Series: The Fall of the Gas-Lit Empire #1 | Genre: Fantasy/alternate history/steampunk | Format: NetGalley ARC | Publisher: Angry Robot Books | Publication date: 26th August 2014 (US & ebook); 4th September 2014 (UK print) | My rating: 4/5
Elizabeth Barnabus lives a double life – as herself and as her brother, the private detective. She is trying to solve the mystery of a disappearing aristocrat and a hoard of arcane machines. In her way stand the rogues, freaks and self-proclaimed alchemists of a travelling circus.
But when she comes up against an agent of the all-powerful Patent Office, her life and the course of history will begin to change. And not necessarily for the better…
The more I think on it, the more I realise how much I enjoy a good start to a promising series, whatever the genre. The Bullet-Catcher’s Daughter is one such good start.
Yes! So, I’m back on the blog to finally catch up on some overdue reviews, and my poor little drunk-on-holidays brain has decided that this is the only acceptable method of doing so. So, here’s a round-up of what I’ve read recently, and what I’ve thought of it all!
Ooof! Well, it’s Monday again. I landed in that strange and mystical land known as ‘America’ two days past, and while I gather my bearings and recover my mental facilities (I’m bloody tired, innit), during which time I hope to find my way back to my own book-reviewing self, here is a lovely little guest review from a somewhat familiar guest face around here – Joanne Hall has been kind enough to submit a second post to the blog! You can read the first one here, but for today here is her review of Richard Ford’s The Shattered Crown…
One of the sure signs of a book addict is, in my considerably addicted experience, buying a book in multiple formats. I confess that I get a nice feeling of satisfaction from having print copies, ebooks and even audiobooks (if they’re narrated well!) of my favourite books or series. This one may just be added to that completist list…
The last, but by no means the least of my holiday reading list teasers is here, and it’s one I’m practically itching to get at – the latest book in Karina Cooper’s excellent St Croix Chronicles. Venture below the cut for more!
Today I’ve got a new guest on the blog – Tom Fletcher has kindly provided a guest post to whet appetites for his latest novel, Gleam. If you aren’t familiar with the title, here’s the deal:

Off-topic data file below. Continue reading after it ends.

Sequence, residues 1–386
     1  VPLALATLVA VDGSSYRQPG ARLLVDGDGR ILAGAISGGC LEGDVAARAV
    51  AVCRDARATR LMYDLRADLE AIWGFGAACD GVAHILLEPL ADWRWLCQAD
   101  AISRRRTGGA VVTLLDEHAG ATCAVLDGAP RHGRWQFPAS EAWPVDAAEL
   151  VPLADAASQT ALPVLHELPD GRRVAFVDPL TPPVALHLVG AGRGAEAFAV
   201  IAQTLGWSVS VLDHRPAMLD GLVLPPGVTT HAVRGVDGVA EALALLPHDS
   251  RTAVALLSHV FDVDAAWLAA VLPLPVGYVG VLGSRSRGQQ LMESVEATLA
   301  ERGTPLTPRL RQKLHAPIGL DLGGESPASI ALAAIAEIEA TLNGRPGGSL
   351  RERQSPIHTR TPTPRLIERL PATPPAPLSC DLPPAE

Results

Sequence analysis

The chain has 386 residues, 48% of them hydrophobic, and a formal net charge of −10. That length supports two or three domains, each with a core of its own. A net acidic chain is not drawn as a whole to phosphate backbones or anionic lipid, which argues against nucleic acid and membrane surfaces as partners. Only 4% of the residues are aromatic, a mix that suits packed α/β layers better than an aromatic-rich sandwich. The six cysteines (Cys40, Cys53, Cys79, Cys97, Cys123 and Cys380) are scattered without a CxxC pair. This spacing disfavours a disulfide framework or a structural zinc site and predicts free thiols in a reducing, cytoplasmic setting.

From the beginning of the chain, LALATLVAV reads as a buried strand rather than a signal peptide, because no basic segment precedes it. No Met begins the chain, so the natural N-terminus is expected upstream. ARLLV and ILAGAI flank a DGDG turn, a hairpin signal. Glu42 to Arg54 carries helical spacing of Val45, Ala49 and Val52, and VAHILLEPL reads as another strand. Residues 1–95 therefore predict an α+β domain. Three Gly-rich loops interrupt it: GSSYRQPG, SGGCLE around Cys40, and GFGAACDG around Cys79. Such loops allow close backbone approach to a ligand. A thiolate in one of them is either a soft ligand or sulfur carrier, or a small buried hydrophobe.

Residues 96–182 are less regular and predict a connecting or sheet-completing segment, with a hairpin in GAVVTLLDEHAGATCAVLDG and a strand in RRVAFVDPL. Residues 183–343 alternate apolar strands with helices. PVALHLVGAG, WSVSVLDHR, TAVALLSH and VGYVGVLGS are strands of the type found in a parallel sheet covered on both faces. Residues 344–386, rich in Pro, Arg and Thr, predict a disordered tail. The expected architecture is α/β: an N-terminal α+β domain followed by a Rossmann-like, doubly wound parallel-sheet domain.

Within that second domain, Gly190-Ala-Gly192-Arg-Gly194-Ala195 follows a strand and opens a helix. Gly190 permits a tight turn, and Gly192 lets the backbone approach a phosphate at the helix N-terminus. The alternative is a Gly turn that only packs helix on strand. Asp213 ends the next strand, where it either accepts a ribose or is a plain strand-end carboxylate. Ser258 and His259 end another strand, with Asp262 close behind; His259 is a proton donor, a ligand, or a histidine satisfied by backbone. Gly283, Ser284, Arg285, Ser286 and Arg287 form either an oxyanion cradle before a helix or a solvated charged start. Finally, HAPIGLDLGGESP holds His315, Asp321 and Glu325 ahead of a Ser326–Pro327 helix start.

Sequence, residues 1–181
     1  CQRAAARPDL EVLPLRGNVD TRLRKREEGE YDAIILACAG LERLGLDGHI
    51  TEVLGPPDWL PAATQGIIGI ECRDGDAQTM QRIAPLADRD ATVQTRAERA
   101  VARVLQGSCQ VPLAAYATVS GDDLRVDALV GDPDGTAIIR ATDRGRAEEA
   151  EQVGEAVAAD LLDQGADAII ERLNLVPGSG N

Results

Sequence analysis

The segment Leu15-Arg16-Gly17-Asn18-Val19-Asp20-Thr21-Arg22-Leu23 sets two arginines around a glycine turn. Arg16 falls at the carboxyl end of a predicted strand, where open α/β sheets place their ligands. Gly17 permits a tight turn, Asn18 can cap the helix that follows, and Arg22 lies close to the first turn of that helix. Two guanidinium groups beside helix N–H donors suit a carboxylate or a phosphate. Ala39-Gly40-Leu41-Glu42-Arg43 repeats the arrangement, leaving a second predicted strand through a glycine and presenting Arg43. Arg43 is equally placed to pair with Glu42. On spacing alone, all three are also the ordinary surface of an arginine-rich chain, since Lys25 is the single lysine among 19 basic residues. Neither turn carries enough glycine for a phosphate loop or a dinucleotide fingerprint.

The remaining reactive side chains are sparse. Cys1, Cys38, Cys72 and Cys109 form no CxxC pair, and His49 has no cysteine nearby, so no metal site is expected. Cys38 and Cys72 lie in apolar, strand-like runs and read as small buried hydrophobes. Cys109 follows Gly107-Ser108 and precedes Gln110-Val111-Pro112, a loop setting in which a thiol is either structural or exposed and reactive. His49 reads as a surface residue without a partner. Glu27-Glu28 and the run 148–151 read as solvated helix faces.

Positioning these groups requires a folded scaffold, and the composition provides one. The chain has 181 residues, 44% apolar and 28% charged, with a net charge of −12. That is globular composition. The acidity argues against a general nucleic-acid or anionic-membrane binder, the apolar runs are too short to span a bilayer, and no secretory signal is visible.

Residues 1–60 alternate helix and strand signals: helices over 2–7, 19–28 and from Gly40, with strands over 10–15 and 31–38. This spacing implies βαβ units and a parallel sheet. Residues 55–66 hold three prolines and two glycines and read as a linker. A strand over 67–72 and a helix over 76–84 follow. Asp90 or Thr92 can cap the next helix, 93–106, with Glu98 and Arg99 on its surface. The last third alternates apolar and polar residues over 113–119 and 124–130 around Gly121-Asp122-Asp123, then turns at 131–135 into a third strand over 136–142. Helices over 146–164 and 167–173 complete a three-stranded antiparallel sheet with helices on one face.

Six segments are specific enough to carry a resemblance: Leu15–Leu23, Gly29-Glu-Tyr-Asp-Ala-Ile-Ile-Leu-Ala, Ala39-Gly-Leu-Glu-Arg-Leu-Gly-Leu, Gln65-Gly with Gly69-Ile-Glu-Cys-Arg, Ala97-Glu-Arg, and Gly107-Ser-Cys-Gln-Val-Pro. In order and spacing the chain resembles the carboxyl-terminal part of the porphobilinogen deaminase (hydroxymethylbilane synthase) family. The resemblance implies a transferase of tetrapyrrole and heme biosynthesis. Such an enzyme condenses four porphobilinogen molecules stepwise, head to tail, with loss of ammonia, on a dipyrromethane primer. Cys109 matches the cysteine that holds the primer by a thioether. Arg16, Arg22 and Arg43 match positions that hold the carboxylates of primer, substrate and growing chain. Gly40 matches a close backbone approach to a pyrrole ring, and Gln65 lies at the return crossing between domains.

The gargantuan Factory of Gleam is an ancient, hulking edifice where those at the top know everything and everyone else just does as they are told.
Surrounding it are the wilds of the Discard, where the rest of the population eke out a living. But as millennia have passed the population has decreased, and now only the central district is fully inhabited and operational. This decaying, lawless zone was the birthplace of the clever, arrogant, and perpetually angry, Wild Alan.
Now, after years in the Factory, he has to go back to the Discard to protect his wife and son. There Alan finds himself on a mission to save them both from a threat they don’t even know exists. But is he about to uncover more than he bargained for?
*Announcer voice* And now, it’s over to Tom to tell us more!
Got a short, sharp little review today, on account of life still throwing All The Things To Do at me, but I wouldn’t forget my monthly short fiction fix, even if it is reeeeally last minute. Here we go!
TABLE OF CONTENTS
“Ten Days’ Grace” by Foz Meadows
“Sister of Mercy” by Amanda Forrest
“The Sandbirds of Mirelle” by John Moran
“Jupiter and Gentian” by Erik Amundsen
“The Good Matter” by Nene Ormes (eBook/subscriber exclusive)
“Zombies & Calculus — Excerpt” by Colin Adams (eBook/subscriber exclusive)
“A User Guide to the Application of Gem-Flowers” by Bogi Takács
“Conservation of Energy” by Alvaro Zinos-Amaro
“Resolute: Notes from the Editor-in-Chief” by Sigrid Ellis
“The Testosterone Injection That Could Ruin Orphan Black…And how to make sure it doesn’t” by Duane de Four
Apex Author Interview with John Moran by Andrea Johnson
Apex Cover Artist Interview with Cyril Rolando by Loraine Sammy
“Clavis Aurea: A Review of Short Fiction” by Charlotte Ashley
Genre: Fantasy/urban fantasy | Format: eARC | Publisher: Birch Tree Publishing | Publication date: July 7th 2014 | My rating: 4/5
Beyond the Pale is an anthology of fantasy, urban fantasy and paranormal stories that skirt the border between our world and others. Was that my imagination, or did I hear something under my bed? What was that blurred movement in my darkened closet? There is but a thin Veil separating the real and the fantastic, and therein dwell the inhabitants of these stories.
Beyond the Pale contains eleven dark fantasy, urban fantasy and paranormal short stories by award-winning and New York Times bestselling authors:
“Hooves and the Hovel of Abdel Jameela” by Saladin Ahmed (author of Throne of the Crescent Moon)
“Misery” & “Shadow Children” by Heather Brewer (author of Vladimir Tod)
“Even Hand” by Jim Butcher (author of The Dresden Files)
“Red Run” by Kami Garcia (author of Beautiful Creatures)
“Pale Rider” & “The Adventures of Lightning Merriemouse-Jones” by Nancy Holder (author of Wicked)
“Frost Child” and “South” by Gillian Philip (author of Rebel Angels)
“A Knot of Toads” by Jane Yolen (author of Owl Moon)
The noun “pale” refers to a stake (as in impaling vampires) or pointed piece of wood (as in a paling fence). “Pale” came to refer to an area enclosed by a paling fence. Later, it acquired the figurative meaning of an enclosed and therefore safe domain. Conversely, “beyond the pale” means foreign, strange, or threatening. You are about to go Beyond the Pale.
The Kameron Hurley Juggernaut (sorry, blog tour) continues with a stop here today! I’m pretty excited to be playing host to a double-Hugo-award-winning writer, so I’m just going to shut up and turn things over to her. Enjoy!